THE LOST TREASURE OF LITTLE SNORING by Lyn Gardner
CHILDREN'S AND TEEN
Released: April 1, 2015

"Flashes of wit notwithstanding, the gross is shoveled in with such vigor that even readers who revel in such stuff may weary. (Adventure. 9-11)"
An intrepid lad and his smart-girl best friend repel a pair of particularly putrid pirates in this unbridled farce. Read full book review >
ME, TOO! by Annika   Dunklee
CHILDREN'S AND TEEN
Released: April 1, 2015

"With its familiar themes and fizzy text, this is one both listeners and readers will enjoy. (Picture book. 3-7)"
Annie is worried when her best friend, Lillemor, befriends Lilianne, the new girl at school. Read full book review >

BUTTON HILL by Michael Bradford
CHILDREN'S AND TEEN
Released: April 1, 2015

"Rare, scary fun. With tomatoes. (Horror. 11-13)"
A moment's messing with an odd clock plunges a lad into the strange and dangerous borderland between the living world and the realms of the dead in this decidedly offbeat chiller. Read full book review >
HOPPELPOPP AND THE BEST BUNNY by Mira Lobe
CHILDREN'S AND TEEN
Released: April 1, 2015

"At best an incomplete discussion starter, without much political or psychological depth. (Picture book. 5-7)"
A pointed fable on the hazards of competition and the benefits of cooperation. Read full book review >
EAT, LEO! EAT! by Caroline Adderson
CHILDREN'S AND TEEN
Released: April 1, 2015

"Food, family, stories: delizioso! (glossary) (Picture book. 5-8)"
Nonna's tales about the stelline, chiancaredde and other shapes of pasta she serves entice a reluctant ragazzo to the dinner table.Read full book review >

WHERE IS RUSTY? by Sieb Posthuma
CHILDREN'S AND TEEN
Released: April 1, 2015

"The skillful blend of human and canine characteristics in this romp will make for many a chuckle. (Picture book. 3-7)"
In a city populated entirely by dogs of all breeds—pups are in collars, but all adult dogs are in human clothes—one youngster who must have some beagle in him has an adventure when he wanders away from his mother and his two friends at a department store. Read full book review >
LOST IN THE BACKYARD by Alison Hughes
CHILDREN'S AND TEEN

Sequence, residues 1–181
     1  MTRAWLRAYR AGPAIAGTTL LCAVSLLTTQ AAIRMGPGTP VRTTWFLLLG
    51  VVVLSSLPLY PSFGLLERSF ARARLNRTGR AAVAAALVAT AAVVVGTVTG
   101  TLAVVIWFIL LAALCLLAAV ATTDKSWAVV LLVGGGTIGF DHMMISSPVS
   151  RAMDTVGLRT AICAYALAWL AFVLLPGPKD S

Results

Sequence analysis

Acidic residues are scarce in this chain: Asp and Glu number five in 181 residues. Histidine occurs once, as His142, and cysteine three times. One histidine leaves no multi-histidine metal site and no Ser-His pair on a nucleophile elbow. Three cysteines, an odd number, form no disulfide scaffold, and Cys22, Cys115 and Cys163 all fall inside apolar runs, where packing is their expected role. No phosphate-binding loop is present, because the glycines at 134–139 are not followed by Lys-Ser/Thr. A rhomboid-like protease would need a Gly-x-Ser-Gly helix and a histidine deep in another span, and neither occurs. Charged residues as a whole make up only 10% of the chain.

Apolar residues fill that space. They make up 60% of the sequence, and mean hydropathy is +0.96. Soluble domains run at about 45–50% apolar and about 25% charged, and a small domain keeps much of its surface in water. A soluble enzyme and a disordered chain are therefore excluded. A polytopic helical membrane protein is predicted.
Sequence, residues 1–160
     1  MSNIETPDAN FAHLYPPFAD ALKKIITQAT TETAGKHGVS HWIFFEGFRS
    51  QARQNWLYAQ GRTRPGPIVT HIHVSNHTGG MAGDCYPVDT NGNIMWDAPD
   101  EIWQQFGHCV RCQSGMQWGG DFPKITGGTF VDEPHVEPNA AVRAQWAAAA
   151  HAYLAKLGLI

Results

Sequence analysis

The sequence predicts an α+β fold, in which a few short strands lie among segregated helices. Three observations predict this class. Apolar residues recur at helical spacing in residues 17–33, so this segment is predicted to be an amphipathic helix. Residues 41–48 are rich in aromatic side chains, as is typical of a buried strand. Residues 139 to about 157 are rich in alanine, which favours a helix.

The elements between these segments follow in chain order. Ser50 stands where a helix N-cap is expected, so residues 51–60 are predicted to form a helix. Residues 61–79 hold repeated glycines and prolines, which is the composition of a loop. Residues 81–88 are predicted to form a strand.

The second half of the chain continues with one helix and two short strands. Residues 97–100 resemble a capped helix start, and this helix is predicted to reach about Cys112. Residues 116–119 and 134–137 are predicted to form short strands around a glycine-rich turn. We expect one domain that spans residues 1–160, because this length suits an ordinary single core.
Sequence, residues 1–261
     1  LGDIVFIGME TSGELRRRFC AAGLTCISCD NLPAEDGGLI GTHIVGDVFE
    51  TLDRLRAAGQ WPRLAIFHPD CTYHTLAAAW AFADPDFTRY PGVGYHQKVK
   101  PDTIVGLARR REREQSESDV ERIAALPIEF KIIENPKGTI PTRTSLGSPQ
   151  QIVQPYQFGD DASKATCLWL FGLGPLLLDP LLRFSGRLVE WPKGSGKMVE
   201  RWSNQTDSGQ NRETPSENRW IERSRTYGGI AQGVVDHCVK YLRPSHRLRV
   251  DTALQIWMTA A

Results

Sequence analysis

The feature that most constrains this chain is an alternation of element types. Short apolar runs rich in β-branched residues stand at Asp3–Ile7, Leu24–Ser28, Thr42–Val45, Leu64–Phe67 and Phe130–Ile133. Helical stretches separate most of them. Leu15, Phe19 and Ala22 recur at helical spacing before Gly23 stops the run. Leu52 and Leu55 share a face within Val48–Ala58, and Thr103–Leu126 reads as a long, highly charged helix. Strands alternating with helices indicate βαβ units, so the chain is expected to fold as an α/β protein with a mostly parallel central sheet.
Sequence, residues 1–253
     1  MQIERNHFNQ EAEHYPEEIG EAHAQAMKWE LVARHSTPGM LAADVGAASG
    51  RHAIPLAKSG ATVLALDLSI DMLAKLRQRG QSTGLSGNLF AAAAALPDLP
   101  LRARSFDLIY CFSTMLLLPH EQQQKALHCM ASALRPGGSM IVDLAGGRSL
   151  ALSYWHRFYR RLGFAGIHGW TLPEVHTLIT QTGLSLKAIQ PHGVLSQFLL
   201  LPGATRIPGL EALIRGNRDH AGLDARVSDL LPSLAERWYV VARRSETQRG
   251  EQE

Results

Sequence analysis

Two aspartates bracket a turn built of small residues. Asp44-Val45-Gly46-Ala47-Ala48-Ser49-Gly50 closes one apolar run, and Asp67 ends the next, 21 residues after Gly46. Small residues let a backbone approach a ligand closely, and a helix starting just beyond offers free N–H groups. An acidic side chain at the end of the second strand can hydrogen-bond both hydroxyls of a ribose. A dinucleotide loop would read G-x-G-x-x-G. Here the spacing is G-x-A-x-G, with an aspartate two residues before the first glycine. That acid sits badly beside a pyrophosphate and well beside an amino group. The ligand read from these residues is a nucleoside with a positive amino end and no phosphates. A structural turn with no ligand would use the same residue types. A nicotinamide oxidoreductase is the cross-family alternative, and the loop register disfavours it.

Released: April 1, 2015

"A simple, predictable survival adventure. (Adventure. 8-12)"
Lost in the woods for three long, cold days, Flynn makes several mistakes that hinder his rescue and survival. Read full book review >
OCTOPUSES! by Laurence Pringle
CHILDREN'S AND TEEN
Released: April 1, 2015

"Pringle inks another winner in a long series of engaging, informative invitations to explore the natural world. (Informational picture book. 5-10)"
A veteran science writer introduces the most intelligent invertebrate of all, the octopus, master of camouflage. Read full book review >
THE BUS IS FOR US by Michael Rosen
CHILDREN'S AND TEEN
Released: April 1, 2015

"A lovely treatment of a perennially popular topic. (Picture book. 2-5) "
There are so many ways to ride; some are flights of imagination. Read full book review >
RITA’S RHINO by Tony Ross
CHILDREN'S AND TEEN
Released: April 1, 2015

"Children's bookshelves can always use another picture book that combines a clever, well-meaning child with an animal hero and hilarious artwork. (Picture book. 3-8)"
Both Rita and her new pet rhinoceros—an escapee from the local zoo—learn that it's not so easy for a rhino to be a city girl's pet. Read full book review >
THE DAY NO ONE WAS ANGRY by Toon Tellegen
CHILDREN'S AND TEEN
Released: April 1, 2015

"Pleasantly lacking moral-mongering, this fresh collection will appeal to parents and children who enjoy sharing stories as springboards to discussion and speculation. (table of contents—in the backmatter) (Short stories. 6-9)"
Dutch writer Tellegen explores the psychology of anger in 12 vignettes featuring a society of animals. Read full book review >
TRASH MOUNTAIN by Jane Yolen
CHILDREN'S AND TEEN
Released: April 1, 2015

"Though there's a suggestion the story is meant as fable, Nutley's adventure stands alone as a satisfying animal fantasy. (Fiction. 8-11)"
When young Nutley's parents are attacked and killed by the violent members of an invading "inferior race" living nearby, Nutley must leave his babyhood home and learn to make it on his own. Read full book review >
Kirkus Interview
Frank Bruni
March 31, 2015

Over the last few decades, Americans have turned college admissions into a terrifying and occasionally devastating process, preceded by test prep, tutors, all sorts of stratagems, all kinds of rankings, and a conviction among too many young people that their futures will be determined and their worth established by which schools say yes and which say no. In Where You Go Is Not Who You’ll Be, New York Times columnist Frank Bruni explains why, giving students and their parents a new perspective on this brutal, deeply flawed competition and a path out of the anxiety that it provokes. “Written in a lively style but carrying a wallop, this is a book that family and educators cannot afford to overlook as they try to navigate the treacherous waters of college admissions,” our reviewer writes. View video >